Last year, Washington state experienced its fifth-hottest year in 120 years of records maintained by the National Oceanic and Atmospheric Administration.
Meanwhile, records for average temperatures were broken in California, Arizona and Nevada, which lived through the highest averages in 120 years. Oregon had just one hotter year on record, while Idaho had three years with higher averages.
In Washington, the average temperature for the year was 48.4 degrees Fahrenheit, or 2.3 degrees above the long-term average. Hotter years were 1934 with 49.1 degrees; 1958, 49.0 degrees; 1992, 48.7 degrees; and 1998, 48.6 degrees. In 2004, the average temperature was 48.4, the same as this year.
California’s record high was based on an average temperature of 61.5 degrees, with Arizona at 62.3 and Nevada at 53.1. Oregon’s average of 49.5 degrees was exceeded only in 1934, when the annual average was 49.9 degrees.
For the nation as a whole, the average temperature in 2014 was tempered by some fairly extreme low temperatures in the Midwest, stretching into the Mississippi Valley. For the contiguous United States, the average temperature was 52.6 degrees — 0.5 degrees higher than the long-term average and tied with 1977 as the 34th warmest year on record, according to information from NOAA’s National Climatic Data Center.
Despite several months of record and near-record lows across the middle of the country, no state had an annual average that set a record for cold or even ranked among their five coolest years.
For the contiguous U.S. as a whole, last year was the 18th year in a row with an average temperature above the 120-year average. The last year with a below-average temperature was 1996. Since 1895, the temperature has risen an average of 0.13 degrees F per decade.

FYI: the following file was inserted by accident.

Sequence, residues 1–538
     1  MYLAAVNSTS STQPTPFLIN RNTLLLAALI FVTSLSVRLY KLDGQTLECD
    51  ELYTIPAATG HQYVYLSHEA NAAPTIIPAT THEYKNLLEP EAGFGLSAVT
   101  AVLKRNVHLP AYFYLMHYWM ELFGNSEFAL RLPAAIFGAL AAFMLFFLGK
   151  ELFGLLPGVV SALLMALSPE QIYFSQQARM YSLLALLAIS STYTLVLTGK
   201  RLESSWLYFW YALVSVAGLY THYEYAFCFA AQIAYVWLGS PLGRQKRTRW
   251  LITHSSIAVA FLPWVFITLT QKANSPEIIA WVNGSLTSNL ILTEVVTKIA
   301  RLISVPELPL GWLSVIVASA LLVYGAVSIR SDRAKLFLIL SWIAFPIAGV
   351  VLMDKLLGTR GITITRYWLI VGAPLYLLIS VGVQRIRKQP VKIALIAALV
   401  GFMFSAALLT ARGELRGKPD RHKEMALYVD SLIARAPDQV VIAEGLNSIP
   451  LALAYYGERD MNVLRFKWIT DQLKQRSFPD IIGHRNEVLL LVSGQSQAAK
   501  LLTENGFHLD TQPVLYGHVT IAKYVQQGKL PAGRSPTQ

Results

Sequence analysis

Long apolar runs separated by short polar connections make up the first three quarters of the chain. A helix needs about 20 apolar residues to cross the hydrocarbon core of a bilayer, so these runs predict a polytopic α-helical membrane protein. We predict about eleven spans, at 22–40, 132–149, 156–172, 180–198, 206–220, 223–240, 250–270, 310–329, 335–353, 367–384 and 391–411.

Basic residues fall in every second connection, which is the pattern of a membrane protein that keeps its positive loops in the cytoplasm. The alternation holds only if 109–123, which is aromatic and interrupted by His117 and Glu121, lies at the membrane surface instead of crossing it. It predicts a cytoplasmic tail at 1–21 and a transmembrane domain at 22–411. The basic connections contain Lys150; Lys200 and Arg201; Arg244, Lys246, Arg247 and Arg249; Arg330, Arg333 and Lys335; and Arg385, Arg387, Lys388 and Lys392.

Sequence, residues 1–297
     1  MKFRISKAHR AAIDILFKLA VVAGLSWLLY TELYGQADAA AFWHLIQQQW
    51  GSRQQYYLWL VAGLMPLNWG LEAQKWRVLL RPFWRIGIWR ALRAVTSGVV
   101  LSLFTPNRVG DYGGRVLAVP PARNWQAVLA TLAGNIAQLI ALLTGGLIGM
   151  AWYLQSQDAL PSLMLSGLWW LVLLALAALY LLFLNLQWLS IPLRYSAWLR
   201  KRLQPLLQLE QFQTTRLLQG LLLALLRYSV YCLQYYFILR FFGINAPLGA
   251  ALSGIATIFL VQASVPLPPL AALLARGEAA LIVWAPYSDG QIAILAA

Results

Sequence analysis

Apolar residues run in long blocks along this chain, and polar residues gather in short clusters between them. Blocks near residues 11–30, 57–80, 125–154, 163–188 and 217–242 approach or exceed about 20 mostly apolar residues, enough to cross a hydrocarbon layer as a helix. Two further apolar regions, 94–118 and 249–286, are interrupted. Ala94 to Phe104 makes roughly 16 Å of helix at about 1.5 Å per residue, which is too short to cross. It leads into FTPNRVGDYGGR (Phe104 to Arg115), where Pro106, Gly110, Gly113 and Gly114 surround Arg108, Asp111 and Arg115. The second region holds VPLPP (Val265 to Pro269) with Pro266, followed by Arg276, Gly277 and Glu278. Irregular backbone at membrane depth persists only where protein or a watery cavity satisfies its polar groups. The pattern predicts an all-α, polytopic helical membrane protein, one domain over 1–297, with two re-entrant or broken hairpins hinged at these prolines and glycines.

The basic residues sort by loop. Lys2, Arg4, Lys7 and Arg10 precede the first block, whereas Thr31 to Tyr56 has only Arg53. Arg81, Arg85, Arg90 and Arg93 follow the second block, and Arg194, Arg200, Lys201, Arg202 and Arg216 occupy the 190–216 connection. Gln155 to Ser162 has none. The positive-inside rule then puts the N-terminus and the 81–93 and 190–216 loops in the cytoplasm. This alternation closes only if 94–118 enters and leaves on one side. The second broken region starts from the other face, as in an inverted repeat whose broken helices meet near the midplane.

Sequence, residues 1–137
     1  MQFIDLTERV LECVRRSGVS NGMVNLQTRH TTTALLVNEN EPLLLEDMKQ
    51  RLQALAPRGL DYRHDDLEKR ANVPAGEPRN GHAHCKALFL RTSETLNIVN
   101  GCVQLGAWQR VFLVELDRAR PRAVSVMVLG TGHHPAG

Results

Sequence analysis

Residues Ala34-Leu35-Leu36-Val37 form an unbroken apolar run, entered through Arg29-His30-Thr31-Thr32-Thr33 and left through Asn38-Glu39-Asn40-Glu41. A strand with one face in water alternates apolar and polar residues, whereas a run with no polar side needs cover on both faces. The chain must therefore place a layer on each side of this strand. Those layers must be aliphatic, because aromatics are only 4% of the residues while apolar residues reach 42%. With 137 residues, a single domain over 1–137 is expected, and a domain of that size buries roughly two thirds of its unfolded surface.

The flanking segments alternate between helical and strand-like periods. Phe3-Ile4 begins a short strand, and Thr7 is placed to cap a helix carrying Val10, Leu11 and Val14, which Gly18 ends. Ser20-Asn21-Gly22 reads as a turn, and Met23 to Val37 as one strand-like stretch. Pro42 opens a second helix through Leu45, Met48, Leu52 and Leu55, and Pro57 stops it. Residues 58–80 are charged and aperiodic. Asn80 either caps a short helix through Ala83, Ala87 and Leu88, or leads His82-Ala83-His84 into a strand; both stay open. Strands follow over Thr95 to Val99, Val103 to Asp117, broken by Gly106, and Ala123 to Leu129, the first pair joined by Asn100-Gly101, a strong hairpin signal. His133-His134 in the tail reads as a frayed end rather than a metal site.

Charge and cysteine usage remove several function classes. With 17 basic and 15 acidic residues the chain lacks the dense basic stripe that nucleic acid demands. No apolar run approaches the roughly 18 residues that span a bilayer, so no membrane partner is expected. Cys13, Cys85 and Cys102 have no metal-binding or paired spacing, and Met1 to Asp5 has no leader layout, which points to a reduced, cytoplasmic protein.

Precipitation across the contiguous U.S. was 30.76 inches last year, or 0.82 inch above the 120-year average. That makes it the 40th wettest year on record. On average, precipitation has increased by 0.14 inch per decade.
For Washington state, 2014 was the 16th wettest year on record. The average across the state was 48.73 inches, some 6.7 inches above the 120-year average.
Above-average precipitation occurred across the northern states last year, while the Southern Plains and Central Appalachians experienced below-average conditions.
Drought conditions continue in California, despite near-average annual precipitation. Exacerbating the problem is a three-year rainfall deficit combined with record-high temperatures this past year.
Meanwhile, drought conditions improved across the Midwest and Central Plains, though both improvements and declines were observed in various parts of the Southern Plains, Southwest and Southeast.
Washington state had its fourth-wettest spring on record, while Kansas had its third-driest spring. Other seasonal conditions can be found on the NCDC’s “National Overview” for 2014. The “Climate at a Glance” page can help you break down the data by state and time period.
Global data and analyses from NCDC are scheduled to be released tomorrow.